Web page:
Why was California a unique case of Hispanic colonization?
California began in Monterey. In the latter days of the Spanish Empire, a missionary and military expedition headed by Father Serra and Captain Portola arrived in Monterey where they established the headquarters of the Alta California colony. The Native American population who assisted the settlement were soon turned into a labor force that built the missions and cultivated the mission fields. California joined the world economy with the export of hides and tallow and the import of manufactures from New England and South America. Yet colonialism failed for many reasons including the unwillingness of Spaniards and Mexicans, after Independence in 1821, to settle on the northern frontier. Instead, a distinct “Californio” society emerged composed of Hispanics, Indians, Mestizos, and a growing number of Anglo-Europeans attracted to the new frontier.
How did Monterey become a multicultural society?
The United States took possession of California in Monterey in 1846 and set in motion a transformation of the economy and society. Ownership of the land changed hands, a new class of merchants and land barons emerged while immigrant Chinese and Japanese joined the working class of Hispanic “paisanos”. The railroad arrived, especially the powerful Southern Pacific Railroad (coincidentally nicknamed “The Ocotopus”) which launched tourism with its “world famous” Hotel Del Monte. Monterey, along with much of California, developed an image and pseudo-history of romantic Spanish times designed to appeal to real estate investors. Beneath the illusion was a restive ethnic population that occasionally made its grievances known.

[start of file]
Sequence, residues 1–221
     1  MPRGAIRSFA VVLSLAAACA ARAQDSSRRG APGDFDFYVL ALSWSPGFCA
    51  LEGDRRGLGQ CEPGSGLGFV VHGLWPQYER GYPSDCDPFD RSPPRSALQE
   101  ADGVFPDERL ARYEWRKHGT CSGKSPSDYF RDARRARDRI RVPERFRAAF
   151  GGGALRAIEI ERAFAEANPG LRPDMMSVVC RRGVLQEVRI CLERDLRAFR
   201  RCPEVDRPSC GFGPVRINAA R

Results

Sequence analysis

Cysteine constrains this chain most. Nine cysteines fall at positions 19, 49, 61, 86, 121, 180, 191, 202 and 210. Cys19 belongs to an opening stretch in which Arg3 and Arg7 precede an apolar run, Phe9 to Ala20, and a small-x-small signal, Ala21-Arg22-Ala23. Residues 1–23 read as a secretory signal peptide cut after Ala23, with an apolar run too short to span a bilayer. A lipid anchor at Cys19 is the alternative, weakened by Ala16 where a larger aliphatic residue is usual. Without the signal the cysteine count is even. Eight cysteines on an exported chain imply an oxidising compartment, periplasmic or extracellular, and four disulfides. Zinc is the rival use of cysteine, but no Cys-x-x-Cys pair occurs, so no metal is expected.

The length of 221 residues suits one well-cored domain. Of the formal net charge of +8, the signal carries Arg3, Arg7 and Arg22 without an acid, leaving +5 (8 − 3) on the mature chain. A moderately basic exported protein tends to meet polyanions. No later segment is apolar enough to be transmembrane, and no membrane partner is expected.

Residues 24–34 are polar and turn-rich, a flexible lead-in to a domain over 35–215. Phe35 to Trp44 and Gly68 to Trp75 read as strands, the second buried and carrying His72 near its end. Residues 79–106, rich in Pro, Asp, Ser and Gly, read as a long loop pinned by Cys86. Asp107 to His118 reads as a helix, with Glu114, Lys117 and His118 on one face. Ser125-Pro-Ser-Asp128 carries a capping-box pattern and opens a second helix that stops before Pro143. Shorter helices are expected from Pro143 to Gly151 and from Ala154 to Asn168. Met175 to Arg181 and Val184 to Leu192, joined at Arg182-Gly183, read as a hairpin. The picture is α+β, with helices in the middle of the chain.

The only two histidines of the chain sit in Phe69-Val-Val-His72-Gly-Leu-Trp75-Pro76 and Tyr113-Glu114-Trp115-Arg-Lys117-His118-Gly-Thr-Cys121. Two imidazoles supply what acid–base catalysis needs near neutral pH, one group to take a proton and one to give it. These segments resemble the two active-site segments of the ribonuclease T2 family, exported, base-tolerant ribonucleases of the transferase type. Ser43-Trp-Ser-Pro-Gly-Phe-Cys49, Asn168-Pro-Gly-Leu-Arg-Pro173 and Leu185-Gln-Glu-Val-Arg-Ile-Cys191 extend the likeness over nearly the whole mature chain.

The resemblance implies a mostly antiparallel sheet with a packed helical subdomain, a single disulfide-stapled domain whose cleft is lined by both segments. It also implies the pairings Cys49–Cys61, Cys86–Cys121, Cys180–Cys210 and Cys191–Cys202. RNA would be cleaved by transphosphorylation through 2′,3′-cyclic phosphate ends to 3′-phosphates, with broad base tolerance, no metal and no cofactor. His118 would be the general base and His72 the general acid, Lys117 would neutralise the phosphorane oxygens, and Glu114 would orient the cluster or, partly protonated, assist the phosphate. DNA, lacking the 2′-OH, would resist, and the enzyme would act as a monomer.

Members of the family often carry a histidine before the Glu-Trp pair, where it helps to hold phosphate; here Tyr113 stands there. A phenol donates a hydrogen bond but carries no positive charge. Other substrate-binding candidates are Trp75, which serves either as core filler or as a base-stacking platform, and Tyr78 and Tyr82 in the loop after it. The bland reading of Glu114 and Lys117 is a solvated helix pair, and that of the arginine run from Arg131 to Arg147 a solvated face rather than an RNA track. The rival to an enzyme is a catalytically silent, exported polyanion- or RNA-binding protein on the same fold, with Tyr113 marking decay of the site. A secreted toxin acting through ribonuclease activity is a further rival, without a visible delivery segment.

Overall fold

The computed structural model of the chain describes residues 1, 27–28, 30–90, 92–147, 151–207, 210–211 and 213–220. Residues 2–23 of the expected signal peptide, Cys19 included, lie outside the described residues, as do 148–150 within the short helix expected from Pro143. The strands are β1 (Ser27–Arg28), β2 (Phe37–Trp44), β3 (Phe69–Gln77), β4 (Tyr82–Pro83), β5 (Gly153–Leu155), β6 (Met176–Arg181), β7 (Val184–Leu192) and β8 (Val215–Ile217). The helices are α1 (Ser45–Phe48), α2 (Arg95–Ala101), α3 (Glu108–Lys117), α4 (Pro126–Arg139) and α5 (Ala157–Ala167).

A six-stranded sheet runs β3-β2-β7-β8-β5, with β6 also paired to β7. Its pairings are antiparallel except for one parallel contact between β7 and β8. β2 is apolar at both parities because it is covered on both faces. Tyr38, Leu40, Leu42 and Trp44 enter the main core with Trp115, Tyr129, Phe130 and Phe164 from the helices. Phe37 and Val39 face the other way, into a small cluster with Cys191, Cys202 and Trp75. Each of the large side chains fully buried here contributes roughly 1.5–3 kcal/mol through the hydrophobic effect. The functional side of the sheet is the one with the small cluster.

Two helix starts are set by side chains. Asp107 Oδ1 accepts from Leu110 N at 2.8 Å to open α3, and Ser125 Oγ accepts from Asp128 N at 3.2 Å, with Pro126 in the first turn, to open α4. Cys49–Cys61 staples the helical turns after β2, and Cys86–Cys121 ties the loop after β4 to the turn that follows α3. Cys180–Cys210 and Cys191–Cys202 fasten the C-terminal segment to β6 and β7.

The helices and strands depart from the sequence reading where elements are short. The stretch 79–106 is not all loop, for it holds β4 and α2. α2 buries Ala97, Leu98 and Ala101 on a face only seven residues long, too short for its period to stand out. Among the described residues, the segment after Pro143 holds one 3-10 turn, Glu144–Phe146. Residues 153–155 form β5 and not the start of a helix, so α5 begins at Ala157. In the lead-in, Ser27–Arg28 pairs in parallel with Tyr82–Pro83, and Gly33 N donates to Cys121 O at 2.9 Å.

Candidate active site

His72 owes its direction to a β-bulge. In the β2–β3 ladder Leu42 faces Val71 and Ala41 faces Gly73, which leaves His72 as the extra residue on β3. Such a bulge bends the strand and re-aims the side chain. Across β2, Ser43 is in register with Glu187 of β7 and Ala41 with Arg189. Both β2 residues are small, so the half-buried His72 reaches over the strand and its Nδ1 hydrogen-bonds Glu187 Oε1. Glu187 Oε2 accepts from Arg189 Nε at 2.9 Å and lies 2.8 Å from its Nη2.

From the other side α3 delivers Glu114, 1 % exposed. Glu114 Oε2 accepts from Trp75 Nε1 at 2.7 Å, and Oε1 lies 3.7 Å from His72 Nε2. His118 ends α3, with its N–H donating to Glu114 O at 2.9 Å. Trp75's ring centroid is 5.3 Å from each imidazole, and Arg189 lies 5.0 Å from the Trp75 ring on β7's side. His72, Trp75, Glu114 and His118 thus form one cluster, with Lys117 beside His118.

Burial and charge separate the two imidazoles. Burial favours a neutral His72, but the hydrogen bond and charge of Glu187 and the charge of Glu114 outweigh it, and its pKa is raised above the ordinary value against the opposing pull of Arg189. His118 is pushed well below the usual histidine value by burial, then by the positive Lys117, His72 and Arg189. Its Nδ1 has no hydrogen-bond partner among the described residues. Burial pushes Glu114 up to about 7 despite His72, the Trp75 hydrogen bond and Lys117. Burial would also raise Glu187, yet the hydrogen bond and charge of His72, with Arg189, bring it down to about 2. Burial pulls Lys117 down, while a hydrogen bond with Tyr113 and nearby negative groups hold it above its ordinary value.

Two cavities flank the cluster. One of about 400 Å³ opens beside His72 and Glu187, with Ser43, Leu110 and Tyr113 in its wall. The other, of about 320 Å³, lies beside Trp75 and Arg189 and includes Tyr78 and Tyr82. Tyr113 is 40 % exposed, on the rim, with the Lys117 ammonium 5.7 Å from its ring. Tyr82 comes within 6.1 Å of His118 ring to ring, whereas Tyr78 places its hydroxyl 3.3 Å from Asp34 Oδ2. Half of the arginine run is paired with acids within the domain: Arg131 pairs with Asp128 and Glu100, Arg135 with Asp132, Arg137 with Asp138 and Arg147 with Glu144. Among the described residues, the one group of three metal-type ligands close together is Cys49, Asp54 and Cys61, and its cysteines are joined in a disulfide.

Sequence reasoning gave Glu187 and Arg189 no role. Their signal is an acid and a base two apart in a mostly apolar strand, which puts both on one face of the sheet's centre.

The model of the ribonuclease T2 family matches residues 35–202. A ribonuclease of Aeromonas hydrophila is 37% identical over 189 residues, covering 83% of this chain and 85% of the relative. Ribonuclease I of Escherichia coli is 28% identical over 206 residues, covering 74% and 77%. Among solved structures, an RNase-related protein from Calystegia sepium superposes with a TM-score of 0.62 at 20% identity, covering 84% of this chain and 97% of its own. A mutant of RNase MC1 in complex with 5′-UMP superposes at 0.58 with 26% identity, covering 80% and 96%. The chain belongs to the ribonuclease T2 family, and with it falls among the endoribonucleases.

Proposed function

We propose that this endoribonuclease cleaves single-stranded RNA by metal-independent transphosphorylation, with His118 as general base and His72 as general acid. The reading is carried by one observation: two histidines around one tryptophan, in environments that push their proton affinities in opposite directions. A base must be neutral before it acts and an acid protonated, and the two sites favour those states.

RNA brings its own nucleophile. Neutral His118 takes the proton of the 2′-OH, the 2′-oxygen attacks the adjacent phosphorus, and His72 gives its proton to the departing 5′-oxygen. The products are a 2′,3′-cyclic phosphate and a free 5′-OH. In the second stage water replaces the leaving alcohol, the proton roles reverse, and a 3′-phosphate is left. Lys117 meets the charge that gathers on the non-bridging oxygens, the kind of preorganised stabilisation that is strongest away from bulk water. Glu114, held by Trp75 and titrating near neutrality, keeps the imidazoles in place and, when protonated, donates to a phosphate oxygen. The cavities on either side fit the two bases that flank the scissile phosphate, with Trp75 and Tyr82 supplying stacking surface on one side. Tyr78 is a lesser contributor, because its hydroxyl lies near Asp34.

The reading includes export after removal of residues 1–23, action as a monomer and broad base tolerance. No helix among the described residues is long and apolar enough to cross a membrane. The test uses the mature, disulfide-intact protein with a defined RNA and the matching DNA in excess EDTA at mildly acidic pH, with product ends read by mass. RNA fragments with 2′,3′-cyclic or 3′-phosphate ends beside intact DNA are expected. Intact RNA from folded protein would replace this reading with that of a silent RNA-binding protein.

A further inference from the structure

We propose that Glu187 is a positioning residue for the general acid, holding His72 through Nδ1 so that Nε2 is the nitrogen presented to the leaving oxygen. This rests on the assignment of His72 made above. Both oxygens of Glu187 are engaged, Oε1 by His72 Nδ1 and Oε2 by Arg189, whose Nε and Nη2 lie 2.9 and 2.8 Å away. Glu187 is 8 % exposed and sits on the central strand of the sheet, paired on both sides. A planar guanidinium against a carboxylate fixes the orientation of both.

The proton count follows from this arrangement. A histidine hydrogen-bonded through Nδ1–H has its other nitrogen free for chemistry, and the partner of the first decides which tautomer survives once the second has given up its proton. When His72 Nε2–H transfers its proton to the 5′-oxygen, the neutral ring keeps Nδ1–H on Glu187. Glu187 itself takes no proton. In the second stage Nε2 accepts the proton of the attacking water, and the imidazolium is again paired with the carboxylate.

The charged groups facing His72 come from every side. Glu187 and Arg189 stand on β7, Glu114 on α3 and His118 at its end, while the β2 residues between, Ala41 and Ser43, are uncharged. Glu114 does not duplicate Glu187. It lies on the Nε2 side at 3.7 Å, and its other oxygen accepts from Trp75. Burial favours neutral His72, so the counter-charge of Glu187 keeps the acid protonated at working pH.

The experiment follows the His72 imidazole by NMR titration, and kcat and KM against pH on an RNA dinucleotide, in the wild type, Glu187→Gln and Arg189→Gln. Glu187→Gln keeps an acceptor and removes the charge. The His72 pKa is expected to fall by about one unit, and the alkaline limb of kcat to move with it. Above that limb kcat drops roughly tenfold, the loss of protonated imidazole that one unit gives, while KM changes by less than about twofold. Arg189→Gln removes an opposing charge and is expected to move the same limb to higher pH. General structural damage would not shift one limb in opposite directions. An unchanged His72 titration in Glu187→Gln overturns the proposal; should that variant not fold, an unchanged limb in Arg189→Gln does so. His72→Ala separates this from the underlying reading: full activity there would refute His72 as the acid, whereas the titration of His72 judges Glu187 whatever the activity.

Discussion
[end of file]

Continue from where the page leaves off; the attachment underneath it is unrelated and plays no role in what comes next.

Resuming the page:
How did Monterey become The Sardine Capital of the World?
Although Asian and Italian fishing communities developed from the 1870s onward, Monterey’s legendary Cannery Row began in 1905, first with a salmon fishery and, before long, sardine canneries that would soon transform the town’s economy, society, and popular image. Owing largely to the unique Monterey Bay marine environment, the fishing and canning industry boomed in the early decades of the twentieth century. Monterey became the world’s third most productive fishing port. The population swelled including an ethnic working class composed of Italian and Japanese fishing families, Anglo and women cannery workers. Yet the industry based increasingly on “reduction” of fishmeal (and less on canning fish) overtaxed the fishery leading to industrial collapse in the 1950s.
How to explain the new Monterey Bay environmentalism?
Following the collapse of Monterey Bay’s fishery, a new awareness developed recognizing the wisdom of earlier warnings from State Fish and Game officials and biologists including Julius Phillips and Frances Clark. The environmental movement of the 1970s and following took shape in Monterey through the work of Hopkins Marine Station, Monterey Bay Aquarium and Research Institute, Monterey Bay Sanctuary, Sea Grant Project, land-based conservation groups like the Big Sur Land Trust and many more. From the industrial town of the early twentieth century, Monterey has become an international center of environmental science and education as well as a laboratory for developing environmental solutions.